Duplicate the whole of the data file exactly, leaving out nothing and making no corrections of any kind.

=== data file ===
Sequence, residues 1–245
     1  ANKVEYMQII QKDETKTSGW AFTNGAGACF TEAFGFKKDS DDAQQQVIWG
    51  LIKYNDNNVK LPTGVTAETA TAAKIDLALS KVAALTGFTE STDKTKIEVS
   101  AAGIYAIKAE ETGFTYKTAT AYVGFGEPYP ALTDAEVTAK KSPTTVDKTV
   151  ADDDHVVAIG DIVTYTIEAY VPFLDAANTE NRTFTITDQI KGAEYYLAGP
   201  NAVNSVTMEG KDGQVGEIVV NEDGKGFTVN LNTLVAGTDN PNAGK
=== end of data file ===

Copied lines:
Sequence, residues 1–245
     1  ANKVEYMQII QKDETKTSGW AFTNGAGACF TEAFGFKKDS DDAQQQVIWG
    51  LIKYNDNNVK LPTGVTAETA TAAKIDLALS KVAALTGFTE STDKTKIEVS
   101  AAGIYAIKAE ETGFTYKTAT AYVGFGEPYP ALTDAEVTAK KSPTTVDKTV
   151  ADDDHVVAIG DIVTYTIEAY VPFLDAANTE NRTFTITDQI KGAEYYLAGP
   201  NAVNSVTMEG KDGQVGEIVV NEDGKGFTVN LNTLVAGTDN PNAGK